Research on the Quality of Cancer Care in Diverse Populations

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I Can Care

The Individualized Cancer Care Study

The overall goal of the study is to improve the quality of care for women with breast cancer. This study seeks to better understand how women with breast cancer and their doctors decide on a variety of test and treatment options based clinical and other factors. Women selected for the study are from the state of Georgia and Los Angeles County, California. Participants are mailed a survey about their breast cancer care experience and are asked to complete and return it by mail in a pre-paid envelope. After we get everyone’s survey back, we’ll put all the information together. The results from this study will be shared with the people who care most about women’s treatment for breast cancer, including researchers, clinicians, cancer patients, and patient advocacy groups. Researchers hope to use the information from this study to improve the quality of care that women with breast cancer receive.


General FAQs:

Who is funding the study?

The study is funded by the National Cancer Institute at the National Institutes of Health.

Who are the primary investigators?

How were women selected for participation?

Women were selected for participation through SEER, the Surveillance, Epidemiology, and End Results program. SEER is the leading source of information on cancer incidence in the United States and works to provide this information to reduce the burden of cancer among the population.

How many women are participating?

Ultimately, around 4,600 women will participate in the study, including 2300 from Georgia and 2300 from Los Angeles County.

How long does the study last?

We began sending surveys to eligible women in October 2013 and expect to continue until April 2015.


FAQs for Participants:


Who can I contact if I have a question?

What are my rights as a research subject and what will happen if I decide not to participate?

Taking part in this study is voluntary. You may choose not to be in this study. If you decide to be in this study, you are free to change your mind and stop at any time with no consequences. You will not lose any benefits to which you are entitled.

If you have questions about your rights while taking part in this study, or you have concerns or suggestions and you want to talk to someone other than the researchers about the study:

  • Los Angeles residents:
    Please contact the University of Southern California Institutional Review Board:
    Health Sciences Campus, General Hospital, Suite 4700, 1200 N. State St.
    Los Angeles, CA 90033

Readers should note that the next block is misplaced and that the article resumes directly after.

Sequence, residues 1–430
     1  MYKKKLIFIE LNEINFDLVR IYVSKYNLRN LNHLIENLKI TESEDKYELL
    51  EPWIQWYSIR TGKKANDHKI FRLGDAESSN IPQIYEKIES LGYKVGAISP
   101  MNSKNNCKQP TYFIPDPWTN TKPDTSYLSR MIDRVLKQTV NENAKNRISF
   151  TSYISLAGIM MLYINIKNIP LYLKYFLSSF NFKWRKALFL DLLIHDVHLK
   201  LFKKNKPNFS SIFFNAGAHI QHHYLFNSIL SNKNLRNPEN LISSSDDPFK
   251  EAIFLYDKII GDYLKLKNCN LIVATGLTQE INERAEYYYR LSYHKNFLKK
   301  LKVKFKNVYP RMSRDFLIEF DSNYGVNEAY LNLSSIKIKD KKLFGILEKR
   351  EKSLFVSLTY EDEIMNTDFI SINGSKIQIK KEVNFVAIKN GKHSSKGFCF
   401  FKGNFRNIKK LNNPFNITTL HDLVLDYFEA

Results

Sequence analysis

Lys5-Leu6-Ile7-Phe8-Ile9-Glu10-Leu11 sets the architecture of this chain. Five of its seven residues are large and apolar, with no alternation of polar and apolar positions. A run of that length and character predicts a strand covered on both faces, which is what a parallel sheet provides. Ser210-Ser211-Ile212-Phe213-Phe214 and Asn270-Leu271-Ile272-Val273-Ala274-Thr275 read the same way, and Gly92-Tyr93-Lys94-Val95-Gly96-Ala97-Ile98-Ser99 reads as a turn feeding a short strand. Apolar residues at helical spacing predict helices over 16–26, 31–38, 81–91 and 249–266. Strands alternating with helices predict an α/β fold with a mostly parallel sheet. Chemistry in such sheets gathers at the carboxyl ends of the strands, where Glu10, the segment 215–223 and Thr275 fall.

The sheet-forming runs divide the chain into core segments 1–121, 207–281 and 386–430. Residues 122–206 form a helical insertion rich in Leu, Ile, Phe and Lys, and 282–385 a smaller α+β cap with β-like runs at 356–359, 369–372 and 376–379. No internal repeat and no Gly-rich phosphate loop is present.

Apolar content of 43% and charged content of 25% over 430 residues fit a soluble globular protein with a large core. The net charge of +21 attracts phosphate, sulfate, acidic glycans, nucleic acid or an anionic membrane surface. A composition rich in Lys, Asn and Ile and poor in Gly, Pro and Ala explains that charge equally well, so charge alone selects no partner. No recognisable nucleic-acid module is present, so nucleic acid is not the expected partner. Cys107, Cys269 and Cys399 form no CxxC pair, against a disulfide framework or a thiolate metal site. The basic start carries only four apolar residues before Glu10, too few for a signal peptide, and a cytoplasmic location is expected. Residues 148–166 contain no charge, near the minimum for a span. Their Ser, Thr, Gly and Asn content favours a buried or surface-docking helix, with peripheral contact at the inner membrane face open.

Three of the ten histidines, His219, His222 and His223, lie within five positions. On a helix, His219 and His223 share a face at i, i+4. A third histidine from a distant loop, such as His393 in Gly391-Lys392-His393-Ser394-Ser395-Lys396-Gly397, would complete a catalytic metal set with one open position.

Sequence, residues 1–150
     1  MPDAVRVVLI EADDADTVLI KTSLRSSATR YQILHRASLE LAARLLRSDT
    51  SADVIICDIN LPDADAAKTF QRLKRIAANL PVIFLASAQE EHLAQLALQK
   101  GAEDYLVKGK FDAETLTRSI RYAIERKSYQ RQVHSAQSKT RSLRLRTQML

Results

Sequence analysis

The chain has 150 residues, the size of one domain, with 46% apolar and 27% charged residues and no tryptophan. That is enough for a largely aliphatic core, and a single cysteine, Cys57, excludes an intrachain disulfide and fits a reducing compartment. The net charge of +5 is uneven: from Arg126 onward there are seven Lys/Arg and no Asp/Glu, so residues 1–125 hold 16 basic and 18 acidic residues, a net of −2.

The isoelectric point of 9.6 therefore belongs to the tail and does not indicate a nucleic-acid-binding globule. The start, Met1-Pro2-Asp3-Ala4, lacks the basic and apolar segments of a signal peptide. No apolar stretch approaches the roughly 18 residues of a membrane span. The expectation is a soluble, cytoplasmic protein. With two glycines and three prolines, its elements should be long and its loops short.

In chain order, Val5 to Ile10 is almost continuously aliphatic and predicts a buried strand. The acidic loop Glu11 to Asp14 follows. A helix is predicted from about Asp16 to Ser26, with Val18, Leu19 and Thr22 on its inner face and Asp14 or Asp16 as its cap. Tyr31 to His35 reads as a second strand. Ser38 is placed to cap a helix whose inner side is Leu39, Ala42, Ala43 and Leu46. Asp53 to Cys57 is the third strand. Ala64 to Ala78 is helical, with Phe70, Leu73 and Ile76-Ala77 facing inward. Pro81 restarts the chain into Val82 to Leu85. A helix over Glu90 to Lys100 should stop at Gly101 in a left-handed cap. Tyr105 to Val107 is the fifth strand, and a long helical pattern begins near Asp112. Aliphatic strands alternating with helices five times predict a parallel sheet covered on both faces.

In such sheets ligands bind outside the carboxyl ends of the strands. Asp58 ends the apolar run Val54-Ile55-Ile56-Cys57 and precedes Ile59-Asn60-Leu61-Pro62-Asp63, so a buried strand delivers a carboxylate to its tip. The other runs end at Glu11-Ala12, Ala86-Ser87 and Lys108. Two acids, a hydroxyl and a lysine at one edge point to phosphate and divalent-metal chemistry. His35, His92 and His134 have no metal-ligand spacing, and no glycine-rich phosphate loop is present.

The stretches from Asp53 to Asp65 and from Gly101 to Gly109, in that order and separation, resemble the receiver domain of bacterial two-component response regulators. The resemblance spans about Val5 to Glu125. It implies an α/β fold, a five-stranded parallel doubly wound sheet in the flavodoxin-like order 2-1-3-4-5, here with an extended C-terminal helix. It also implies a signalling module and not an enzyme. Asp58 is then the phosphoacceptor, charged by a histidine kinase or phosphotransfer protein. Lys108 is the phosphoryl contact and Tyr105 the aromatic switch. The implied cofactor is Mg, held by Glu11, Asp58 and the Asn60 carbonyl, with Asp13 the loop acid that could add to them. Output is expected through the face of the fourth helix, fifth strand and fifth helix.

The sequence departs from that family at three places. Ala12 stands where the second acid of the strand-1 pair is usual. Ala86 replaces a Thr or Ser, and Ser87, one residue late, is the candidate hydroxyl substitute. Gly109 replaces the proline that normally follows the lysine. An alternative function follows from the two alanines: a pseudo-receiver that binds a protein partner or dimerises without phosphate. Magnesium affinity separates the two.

323-223-2340
    irb@usc.edu
  • Georgia residents:
    Please contact the Emory University Institutional Review Board:
    1599 Clifton Rd NE, 5th Floor
    Atlanta, GA 30322
    404-712-0720
    irb@emory.edu

How did you get my name and contact information?

  • Los Angeles residents: Your name was obtained from the Los Angeles Cancer Surveillance Program, a member of the California Cancer Registry. This program was created by the California Legislature in response to public concern that not enough was being done to find the causes of and cures for cancer. Every cancer diagnosed in California is required by law to be reported to the California Department of Public Health, which is responsible for the registry. Information on individuals with cancer can only be released for research purposes to qualified researchers who have obtained approval for the study from a federally approved Committee for the Protection of Human Subjects and have agreed to maintain the confidentiality of the information they collect.
  • Georgia residents: Your name was obtained from the Georgia Center for Cancer Statistics. This organization serves as the agent of the state of Georgia Department of Public Health for conducting cancer surveillance. Every cancer diagnosed in Georgia is required by law to be reported to the Georgia Cancer Registry. This registry was designed to track the cancer burden among Georgia residents and to support studies about cancer to improve public health. Information on individuals with cancer can only be released for research purposes to qualified researchers who have obtained approval for the study from a federally approved Committee for the Protection of Human Subjects and have agreed to maintain the confidentiality of the information they collect.

What if I don't want to answer a question?

If you do not want to answer a certain question, you may write “skip” next to it.

How will you keep my information confidential?

All of the information in the survey is kept strictly confidential. Your name does not appear anywhere on the survey and individual patients can never be identified from any results of the study. We also keep surveys in locked file cabinets and computer files protected by passwords.


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